In addition, Jane Addams was also greatly influenced by the life and times of Abraham Lincoln. She never personally knew Lincoln, since he was assassinated when she was a small child; yet she had heard much about his life from her father. John Addams had had a long friendship with the man who addressed him in letters as "my dear double-D'ed Addams" (Elshtain, 2002). Her father's stories of this earlier friendship with the fellow Illinois leader and later U.S. President gave Jane Addams both a hero and saint to emulate.

 

In the process of learning more about the life and times of Jane Addams, I too have found myself seeking to emulate her as a hero. Jane Addams' life and metatheory of democracy and ethics offer a basis for social work student socialization into social work values and ethics. As an inductive inquiry into the development of social work socialization, I am following a feminist pragmatist methodology, using Jane Addams and myself as the subjects of study. This research approach involves boundary crossing, in which the researcher herself at times is the subject of study, in contrast to the traditional value free observer approach (Babbie, 2001; Creswell, 1998).

 

Feminist pragmatist methodology [Hill & Deegan, 2007; The Jane Collective: Feminist Pragmatism, 2008; also identified as Jane Addams' pragmatism (Hamington, 2006) and pragmatist feminism (Whipps, 2004)] combines action and theory for a more equalitarian practice. Social context, experience, change, pluralism, embodiment, and interdependence are central aspects of this methodological process. Feminist pragmatism makes no sharp differentiation between the methodology of theory and experience (Whipps, 2004). The methodological informs the theoretical, as the theoretical informs the methodological.

 

Jane Addams, who herself has been characterized as a feminist pragmatist (The Jane Collective: Feminist Pragmatism, 2008), created a social theory of democracy that is also a social ethic. Her understanding of democracy as social ethics provides a metatheoretical structure for social work values and ethics. Through a meta-analysis of this structure, we can reflexively study the effects of democracy and ethics as a basis for student social work socialization (Ritzer, 2000).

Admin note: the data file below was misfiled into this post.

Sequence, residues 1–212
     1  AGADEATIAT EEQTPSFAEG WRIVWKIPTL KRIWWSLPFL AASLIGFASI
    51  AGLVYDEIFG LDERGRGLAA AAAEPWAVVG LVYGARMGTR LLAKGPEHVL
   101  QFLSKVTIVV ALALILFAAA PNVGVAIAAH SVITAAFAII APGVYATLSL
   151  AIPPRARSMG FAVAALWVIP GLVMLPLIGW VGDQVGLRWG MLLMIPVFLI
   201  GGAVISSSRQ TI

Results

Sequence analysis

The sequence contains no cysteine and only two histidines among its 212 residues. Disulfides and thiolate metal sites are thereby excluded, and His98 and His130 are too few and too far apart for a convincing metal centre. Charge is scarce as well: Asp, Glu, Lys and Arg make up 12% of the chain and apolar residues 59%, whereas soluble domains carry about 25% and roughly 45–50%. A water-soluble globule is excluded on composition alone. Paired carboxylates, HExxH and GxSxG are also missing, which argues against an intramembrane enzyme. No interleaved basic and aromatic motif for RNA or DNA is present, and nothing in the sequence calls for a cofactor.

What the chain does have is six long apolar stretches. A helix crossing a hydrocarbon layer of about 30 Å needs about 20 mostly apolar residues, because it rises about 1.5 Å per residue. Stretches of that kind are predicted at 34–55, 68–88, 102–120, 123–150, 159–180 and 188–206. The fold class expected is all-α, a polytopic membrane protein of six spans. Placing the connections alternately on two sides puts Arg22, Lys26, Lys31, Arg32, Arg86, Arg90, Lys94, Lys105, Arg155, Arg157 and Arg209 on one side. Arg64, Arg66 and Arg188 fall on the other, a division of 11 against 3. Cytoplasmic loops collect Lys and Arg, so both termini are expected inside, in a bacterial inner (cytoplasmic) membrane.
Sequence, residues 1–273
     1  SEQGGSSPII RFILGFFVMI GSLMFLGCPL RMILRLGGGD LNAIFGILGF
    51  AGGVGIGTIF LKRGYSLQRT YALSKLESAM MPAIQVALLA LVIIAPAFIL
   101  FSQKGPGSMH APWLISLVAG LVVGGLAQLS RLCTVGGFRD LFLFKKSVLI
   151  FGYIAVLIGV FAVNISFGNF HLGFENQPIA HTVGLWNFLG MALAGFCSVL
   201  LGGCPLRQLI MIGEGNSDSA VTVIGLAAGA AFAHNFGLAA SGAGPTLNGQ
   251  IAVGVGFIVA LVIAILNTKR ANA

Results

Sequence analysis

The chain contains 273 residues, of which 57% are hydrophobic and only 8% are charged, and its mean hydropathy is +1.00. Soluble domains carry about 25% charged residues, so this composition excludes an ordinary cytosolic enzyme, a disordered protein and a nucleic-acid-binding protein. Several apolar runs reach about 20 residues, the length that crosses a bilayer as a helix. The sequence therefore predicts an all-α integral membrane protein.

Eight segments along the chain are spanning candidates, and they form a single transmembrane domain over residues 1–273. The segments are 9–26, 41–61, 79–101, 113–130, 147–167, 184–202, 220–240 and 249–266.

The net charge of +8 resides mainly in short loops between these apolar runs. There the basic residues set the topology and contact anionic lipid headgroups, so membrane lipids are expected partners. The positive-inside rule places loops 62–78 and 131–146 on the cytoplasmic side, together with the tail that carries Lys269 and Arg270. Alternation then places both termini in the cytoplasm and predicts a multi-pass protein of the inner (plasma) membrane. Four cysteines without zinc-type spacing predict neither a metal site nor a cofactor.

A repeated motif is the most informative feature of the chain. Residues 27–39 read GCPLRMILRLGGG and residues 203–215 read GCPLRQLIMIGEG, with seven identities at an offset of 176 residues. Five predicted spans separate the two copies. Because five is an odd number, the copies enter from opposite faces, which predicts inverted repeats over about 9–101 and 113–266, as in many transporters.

2. The Pilgrimage

 

It is Friday, about 4:30 a.m., the end of September, still dark as I make my way, driving on the expanding ribbon of highway toward the first step of my journey, the Little Rock National Airport. Final destination: Madison, Wisconsin. As the 20-minute ride progresses, there are only the occasional bright lights of an early commuter rushing by to break the inky solitude surrounding me in my car. Finally, as I reach the airport, the sky lights up with bands of overpowering brightness. People, activity, the familiar. Takeoff. A new orange popsicle-laced-with-vanilla day appears at the window of the moving plane. As I arrive at Chicago's O'Hare International Airport, it is a little after 8 a.m.

 

A new step in my journey: navigating this urban labyrinth of concrete as I seek the el train to the University of Illinois at Chicago. A warmish day. Holding my jacket with one hand, I drag my suitcase onto the train with the other. An hour later, I walk several blocks from the UIC station, consulting my Internet campus map. I turn right at Halstead Street and walk a few more blocks, with my suitcase trailing behind me.

 

It is 9:30 a.m. when I finally reach my destination. On the edge of the campus to the right lies a small brick building with yellow trim, surrounded by a wrap-around porch. I am alone with my thoughts as I walk the red brick path surrounding this sanctuary of a time past. Once the air here crackled with energy and promise. There were 13 buildings here, most torn down years ago to make way for the UIC campus. Jane Addams, in her last years, reported that sometimes 10,000 people a week came through the Hull House complex seeking to be with one another, to learn from one another, to give to one another (An Experiment in Democracy, undated). Walking along the perimeter of Hull House, I look up at the banners hanging along its front: Equality, The Arts, Immigration, Democracy, Peace, Labor. Too early to go in, as this icon of social democracy doesn't open until 10 a.m.; I wander to a nearby building, which houses a campus bookstore.